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In Schneider, the Mets add yet another catcher, following their trade for Johnny Estrada last week. In Milledge, the Nationals pick up a talented young player they hope can avoid the sorts of missteps that marked his Mets career and be a key component of their rebuilding project.
Schneider was given a lot of credit last season for holding together a ragtag Nationals starting rotation, but he struggled at the plate, batting .235 with six homers and 54 RBIs. <!-- INLINE HEADSHOT (BEGIN) -->
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Church hit .272 with 15 homers and 70 RBIs, while tying for the team lead with 43 doubles.
Mets general manager Omar Minaya is familiar with both players he gets in the deal from his time as GM of the Montreal Expos, the franchise that moved to Washington before the 2005 season.
And Milledge and Nationals manager Manny Acta know each other from Acta's stint as the Mets' third-base coach.
Milledge hit .272 with seven homers and 29 RBIs in 184 at-bats with the Mets in 2007.
Still just 22, he was the Mets' top prospect when he made his major league debut in May 2006. Right away, he showed why he was so highly rated on the field -- but also drew the ire of his team and teammates.
One of the most publicized episodes came in the town that will be his new home. In September 2006, a sign was posted in Milledge's locker in the visiting clubhouse at RFK Stadium that read: "Know your place, Rook. Your teammates."
Milledge earlier had been reprimanded for not running hard on the bases and had arrived late to the clubhouse for a game. He also rankled Mets management by making a rap CD that used offensive language. Copyright 2007 by The Associated Press
Lastings Milledge is still one of the better young outfield prospects in the game. By dealing him for an awful player in Brian Schneider, the Mets sold low on a former first-round pick with a lot of upside and committed two years and too much money to a catcher who can't hit. The Mets get ... nothing, or close to it. Schneider will earn $10.3 million over the next two years to sit behind the plate when the rules call for it, and to make 300-odd outs at the plate while hitting .230/.320/.330 or thereabouts.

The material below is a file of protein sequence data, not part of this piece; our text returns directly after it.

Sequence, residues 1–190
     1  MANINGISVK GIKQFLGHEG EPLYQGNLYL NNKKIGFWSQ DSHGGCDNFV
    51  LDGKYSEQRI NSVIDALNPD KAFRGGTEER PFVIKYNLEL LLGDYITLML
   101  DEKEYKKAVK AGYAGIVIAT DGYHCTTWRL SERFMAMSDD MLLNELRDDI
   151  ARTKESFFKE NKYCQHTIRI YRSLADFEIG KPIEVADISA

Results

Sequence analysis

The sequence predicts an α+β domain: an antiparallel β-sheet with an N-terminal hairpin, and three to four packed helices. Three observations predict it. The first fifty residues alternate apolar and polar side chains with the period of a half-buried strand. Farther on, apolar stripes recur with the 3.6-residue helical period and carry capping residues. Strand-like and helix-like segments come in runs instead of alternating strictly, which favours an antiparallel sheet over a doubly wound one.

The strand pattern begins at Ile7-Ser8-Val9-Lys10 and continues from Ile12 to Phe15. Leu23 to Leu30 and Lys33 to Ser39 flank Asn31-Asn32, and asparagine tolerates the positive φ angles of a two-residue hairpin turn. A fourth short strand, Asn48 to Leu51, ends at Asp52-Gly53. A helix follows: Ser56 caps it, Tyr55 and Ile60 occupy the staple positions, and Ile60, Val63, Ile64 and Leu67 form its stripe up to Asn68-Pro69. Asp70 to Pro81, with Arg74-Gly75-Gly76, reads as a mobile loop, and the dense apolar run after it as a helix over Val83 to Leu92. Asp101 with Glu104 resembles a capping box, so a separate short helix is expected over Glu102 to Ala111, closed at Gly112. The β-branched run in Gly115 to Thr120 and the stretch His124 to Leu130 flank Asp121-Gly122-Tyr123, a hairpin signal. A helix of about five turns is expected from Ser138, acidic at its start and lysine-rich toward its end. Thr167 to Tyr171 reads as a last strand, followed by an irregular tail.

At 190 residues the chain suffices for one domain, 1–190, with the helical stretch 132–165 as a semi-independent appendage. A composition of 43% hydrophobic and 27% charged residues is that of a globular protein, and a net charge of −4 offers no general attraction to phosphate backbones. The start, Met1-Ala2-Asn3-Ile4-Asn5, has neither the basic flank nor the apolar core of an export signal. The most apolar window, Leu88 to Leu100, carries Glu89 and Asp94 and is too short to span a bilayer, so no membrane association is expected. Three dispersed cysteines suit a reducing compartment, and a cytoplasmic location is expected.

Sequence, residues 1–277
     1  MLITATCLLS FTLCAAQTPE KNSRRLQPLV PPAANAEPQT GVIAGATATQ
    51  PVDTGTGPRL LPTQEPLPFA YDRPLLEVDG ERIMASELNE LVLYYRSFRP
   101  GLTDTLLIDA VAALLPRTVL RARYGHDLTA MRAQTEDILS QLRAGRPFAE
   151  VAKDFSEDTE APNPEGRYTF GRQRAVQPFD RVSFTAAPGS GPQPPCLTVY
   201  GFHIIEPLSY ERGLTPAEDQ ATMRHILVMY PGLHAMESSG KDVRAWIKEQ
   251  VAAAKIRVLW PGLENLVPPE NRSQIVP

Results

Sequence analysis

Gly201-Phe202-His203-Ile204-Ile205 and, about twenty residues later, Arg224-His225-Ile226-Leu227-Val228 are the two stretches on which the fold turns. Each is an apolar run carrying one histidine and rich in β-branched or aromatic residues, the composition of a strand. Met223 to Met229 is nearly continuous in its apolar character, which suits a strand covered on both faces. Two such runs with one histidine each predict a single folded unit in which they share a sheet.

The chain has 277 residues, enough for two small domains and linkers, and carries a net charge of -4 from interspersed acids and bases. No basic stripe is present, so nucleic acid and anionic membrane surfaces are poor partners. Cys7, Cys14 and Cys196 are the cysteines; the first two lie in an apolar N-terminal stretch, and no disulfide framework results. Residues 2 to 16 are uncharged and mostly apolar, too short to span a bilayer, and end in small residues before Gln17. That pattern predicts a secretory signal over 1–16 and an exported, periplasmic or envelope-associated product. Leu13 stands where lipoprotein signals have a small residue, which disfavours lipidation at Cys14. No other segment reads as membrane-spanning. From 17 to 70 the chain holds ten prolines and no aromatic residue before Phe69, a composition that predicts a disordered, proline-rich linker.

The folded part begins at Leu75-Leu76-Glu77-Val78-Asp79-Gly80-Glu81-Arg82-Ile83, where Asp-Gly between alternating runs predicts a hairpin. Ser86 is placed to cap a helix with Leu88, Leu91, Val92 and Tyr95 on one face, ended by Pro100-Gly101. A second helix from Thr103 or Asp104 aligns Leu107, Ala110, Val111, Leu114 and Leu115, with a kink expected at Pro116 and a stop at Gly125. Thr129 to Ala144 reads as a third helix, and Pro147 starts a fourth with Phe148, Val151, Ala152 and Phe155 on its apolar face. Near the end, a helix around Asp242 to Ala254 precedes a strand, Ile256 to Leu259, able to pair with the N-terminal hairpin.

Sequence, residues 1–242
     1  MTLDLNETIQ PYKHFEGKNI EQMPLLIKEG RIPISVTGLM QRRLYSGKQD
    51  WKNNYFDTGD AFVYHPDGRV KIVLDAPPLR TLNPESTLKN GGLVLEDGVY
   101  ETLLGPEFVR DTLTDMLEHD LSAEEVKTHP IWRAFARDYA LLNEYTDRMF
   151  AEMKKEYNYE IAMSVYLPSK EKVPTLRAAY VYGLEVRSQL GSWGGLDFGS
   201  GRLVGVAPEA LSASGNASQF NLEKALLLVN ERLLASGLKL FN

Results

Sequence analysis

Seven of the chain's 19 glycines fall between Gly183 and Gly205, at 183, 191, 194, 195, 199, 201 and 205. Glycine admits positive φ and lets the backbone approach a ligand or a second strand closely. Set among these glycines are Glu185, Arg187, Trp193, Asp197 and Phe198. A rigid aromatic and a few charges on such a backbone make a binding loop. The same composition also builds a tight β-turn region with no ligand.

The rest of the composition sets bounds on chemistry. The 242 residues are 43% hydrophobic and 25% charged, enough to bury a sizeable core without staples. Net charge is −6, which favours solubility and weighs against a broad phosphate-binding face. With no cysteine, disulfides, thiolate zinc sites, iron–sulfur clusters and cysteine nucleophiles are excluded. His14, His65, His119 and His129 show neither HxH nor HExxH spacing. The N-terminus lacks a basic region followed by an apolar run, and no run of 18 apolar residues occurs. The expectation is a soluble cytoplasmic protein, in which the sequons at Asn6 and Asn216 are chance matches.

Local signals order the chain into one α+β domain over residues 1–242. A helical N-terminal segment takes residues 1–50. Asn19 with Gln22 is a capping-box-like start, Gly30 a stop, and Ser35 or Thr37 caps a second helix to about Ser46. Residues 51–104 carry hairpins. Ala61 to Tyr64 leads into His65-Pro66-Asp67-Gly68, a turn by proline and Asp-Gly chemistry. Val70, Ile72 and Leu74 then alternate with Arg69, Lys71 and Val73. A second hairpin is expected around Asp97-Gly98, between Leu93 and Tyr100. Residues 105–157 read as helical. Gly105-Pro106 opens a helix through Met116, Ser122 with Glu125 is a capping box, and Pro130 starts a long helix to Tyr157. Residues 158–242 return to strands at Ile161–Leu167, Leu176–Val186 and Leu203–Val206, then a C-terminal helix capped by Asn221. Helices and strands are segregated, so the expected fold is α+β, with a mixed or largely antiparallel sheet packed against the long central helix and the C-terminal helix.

He is the definition of replacement level -- his offensive production was roughly as valuable as what Guillermo Quiroz did in eleven plate appearances for Texas last year -- and paying him $10 million is bad enough. Giving up something of value to acquire that contract is horrible. It would be better to pay Johnny Estrada $3-4 million to be bad for one year than Schneider over $10 million to be worse for two years.
There's a small silver lining for the Mets in the acquisition of Ryan Church, a capable platoon bat in left or right field if you have a right-handed caddy for him. Unlike Schneider, he has value on a big league roster, but even swapping Milledge straight-up for Church wouldn't make sense because of Church's struggles against lefties, his long history of minor injuries, his age and his expense as a super-two player this winter. Milledge could easily be the second-best hitter in the Nationals' lineup in 2008, and moved back to his natural position of center field, he gives them two plus defenders on the field as well.
Milledge has quick wrists with line-drive power, and good plate coverage. His pitch recognition is weak right now, and he's vulnerable to anyone who can change speeds. This wasn't as much of a problem for him in the minors, so there's reason to expect an improvement. He played mostly right field in the majors for the Mets and never adjusted to the different looks a fielder gets from that position, but in center field, he has plus range and an above-average arm. He's probably not a star, but he projects as an above-average bat who plays a good defensive center field, and Washington has his rights for the next five years. Milledge's value was down due to some concerns over his attitude, but those were really overblown, and Washington just picked up a good prospect for about 20 cents on the dollar.
The only way this deal doesn't turn out to be a disaster for the Mets -- second in this decade only to the Victor Zambrano-Scott Kazmir deal -- is if Milledge doesn't pan out as a hitter, and the smart money is that he will. This is a heist for Washington, and a serious mismanagement of assets for the Mets.